Although the surgery is becoming somewhat routine, total knee replacement isn't right for everyone. For one thing, the replacement doesn't last forever. Unlike a mechanical heart stent that lasts longer than the patient, mechanical knees wear down just like real knees. So if you get a knee replacement in your early 50s, you're probably going to need another one sometime in your mid- to late 60s. The problem is that the second is often less successful than the first one, because the bones have already been drilled into, leaving less of a "bracket" for the replacement joint the second time around.
For this reason (and to avoid major surgery in the first place), people who have pain in their knees should explore and exhaust all other options before turning to knee replacement. About 75 percent of people affected by osteoarthritis in their knees won't need knee surgery [source: American Academy of Orthopaedic Surgeons]. If you can alleviate the pain and regain range of motion in the knee, you have fulfilled the functions of a knee replacement.
Everyday swelling and pain related to arthritis can sometimes be controlled with over-the-counter medications such as ibuprofen, aspirin or another nonsteroidal anti-inflammatory drug (NSAID). Other drugs with more long-term effects -- such as hydroxychloroquine, penicillamine or methotrexate -- can be taken to slow the advance of arthritis as well as the onset of symptoms.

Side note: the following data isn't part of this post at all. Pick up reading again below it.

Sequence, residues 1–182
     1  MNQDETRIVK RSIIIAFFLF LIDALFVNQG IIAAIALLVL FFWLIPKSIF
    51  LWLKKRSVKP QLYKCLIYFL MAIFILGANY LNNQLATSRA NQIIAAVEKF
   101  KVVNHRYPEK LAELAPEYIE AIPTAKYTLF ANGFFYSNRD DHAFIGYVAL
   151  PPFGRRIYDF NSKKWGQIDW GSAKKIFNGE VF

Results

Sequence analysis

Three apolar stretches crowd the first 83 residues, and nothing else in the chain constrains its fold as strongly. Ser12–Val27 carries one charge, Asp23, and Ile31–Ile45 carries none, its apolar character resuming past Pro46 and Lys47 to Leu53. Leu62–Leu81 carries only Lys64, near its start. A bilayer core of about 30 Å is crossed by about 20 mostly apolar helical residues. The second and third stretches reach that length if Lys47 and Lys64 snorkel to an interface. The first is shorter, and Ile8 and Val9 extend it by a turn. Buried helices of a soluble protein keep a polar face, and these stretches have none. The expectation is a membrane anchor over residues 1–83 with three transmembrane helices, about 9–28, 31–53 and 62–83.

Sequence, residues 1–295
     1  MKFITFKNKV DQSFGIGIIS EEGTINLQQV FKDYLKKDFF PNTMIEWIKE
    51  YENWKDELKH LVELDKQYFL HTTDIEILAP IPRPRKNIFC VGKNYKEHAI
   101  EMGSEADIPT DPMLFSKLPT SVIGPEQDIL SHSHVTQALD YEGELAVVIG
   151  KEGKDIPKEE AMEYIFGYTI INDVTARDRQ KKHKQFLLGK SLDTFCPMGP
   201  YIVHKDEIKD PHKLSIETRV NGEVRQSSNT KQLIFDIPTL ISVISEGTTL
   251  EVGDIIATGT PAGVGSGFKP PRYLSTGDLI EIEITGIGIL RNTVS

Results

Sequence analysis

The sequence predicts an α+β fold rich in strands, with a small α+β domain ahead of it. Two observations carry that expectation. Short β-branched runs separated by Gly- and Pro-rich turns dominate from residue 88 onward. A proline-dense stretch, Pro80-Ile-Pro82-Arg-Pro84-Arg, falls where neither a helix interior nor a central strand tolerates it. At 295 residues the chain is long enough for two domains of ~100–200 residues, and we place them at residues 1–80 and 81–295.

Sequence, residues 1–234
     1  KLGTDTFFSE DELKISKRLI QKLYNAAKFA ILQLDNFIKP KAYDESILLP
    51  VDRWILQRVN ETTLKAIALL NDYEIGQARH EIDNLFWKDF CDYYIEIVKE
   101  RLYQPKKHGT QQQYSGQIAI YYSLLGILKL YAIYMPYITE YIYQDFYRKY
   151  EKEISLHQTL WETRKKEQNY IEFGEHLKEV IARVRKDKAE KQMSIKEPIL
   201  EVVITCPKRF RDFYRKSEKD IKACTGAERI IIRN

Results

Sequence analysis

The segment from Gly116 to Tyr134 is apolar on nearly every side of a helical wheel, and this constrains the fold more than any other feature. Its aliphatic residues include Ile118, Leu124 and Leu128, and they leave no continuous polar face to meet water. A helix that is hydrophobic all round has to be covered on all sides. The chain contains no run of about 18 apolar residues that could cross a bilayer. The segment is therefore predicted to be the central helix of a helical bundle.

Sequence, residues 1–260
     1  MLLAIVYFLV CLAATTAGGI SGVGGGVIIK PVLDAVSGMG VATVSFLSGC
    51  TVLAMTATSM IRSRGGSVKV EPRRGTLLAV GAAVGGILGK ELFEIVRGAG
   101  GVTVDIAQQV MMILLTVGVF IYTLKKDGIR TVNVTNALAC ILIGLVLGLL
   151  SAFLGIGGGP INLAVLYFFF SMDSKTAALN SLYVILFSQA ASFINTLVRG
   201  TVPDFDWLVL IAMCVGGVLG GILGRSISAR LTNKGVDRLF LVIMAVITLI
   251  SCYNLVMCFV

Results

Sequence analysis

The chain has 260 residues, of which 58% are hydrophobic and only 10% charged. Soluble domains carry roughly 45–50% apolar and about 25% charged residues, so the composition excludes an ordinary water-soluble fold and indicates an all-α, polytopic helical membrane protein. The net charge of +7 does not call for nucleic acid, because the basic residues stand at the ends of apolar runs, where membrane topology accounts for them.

The more body weight you have, the harder your knee has to work. Instead of activities that have a high impact on your knee joint, like jumping and running, take up swimming, walking or biking. Getting in shape will also strengthen your leg muscles and help keep your ligaments flexible. Often, some type of knee support -- an elastic bandage, a cane or just well-fitted shoes -- will increase the utility and the lifespan of the joint.
Regular injections of hyaluronic acid in the joint (a process called viscosupplementation) can temporarily replace the lost fluid that once kept the joint nicely lubricated. This treatment requires three to five injections a week and works best with mild or moderate arthritis. Magnetic pulse therapy and acupuncture may also provide relief, though these methods haven't received much in the way of scientific testing.